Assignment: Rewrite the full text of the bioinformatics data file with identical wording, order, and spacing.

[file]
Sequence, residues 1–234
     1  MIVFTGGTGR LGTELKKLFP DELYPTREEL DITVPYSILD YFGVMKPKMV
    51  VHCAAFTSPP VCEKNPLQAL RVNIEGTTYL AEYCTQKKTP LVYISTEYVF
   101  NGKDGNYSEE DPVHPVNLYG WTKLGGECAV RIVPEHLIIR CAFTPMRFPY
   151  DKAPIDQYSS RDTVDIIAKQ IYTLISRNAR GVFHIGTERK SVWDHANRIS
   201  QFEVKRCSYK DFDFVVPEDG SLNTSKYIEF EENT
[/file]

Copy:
Sequence, residues 1–234
     1  MIVFTGGTGR LGTELKKLFP DELYPTREEL DITVPYSILD YFGVMKPKMV
    51  VHCAAFTSPP VCEKNPLQAL RVNIEGTTYL AEYCTQKKTP LVYISTEYVF
   101  NGKDGNYSEE DPVHPVNLYG WTKLGGECAV RIVPEHLIIR CAFTPMRFPY
   151  DKAPIDQYSS RDTVDIIAKQ IYTLISRNAR GVFHIGTERK SVWDHANRIS
   201  QFEVKRCSYK DFDFVVPEDG SLNTSKYIEF EENT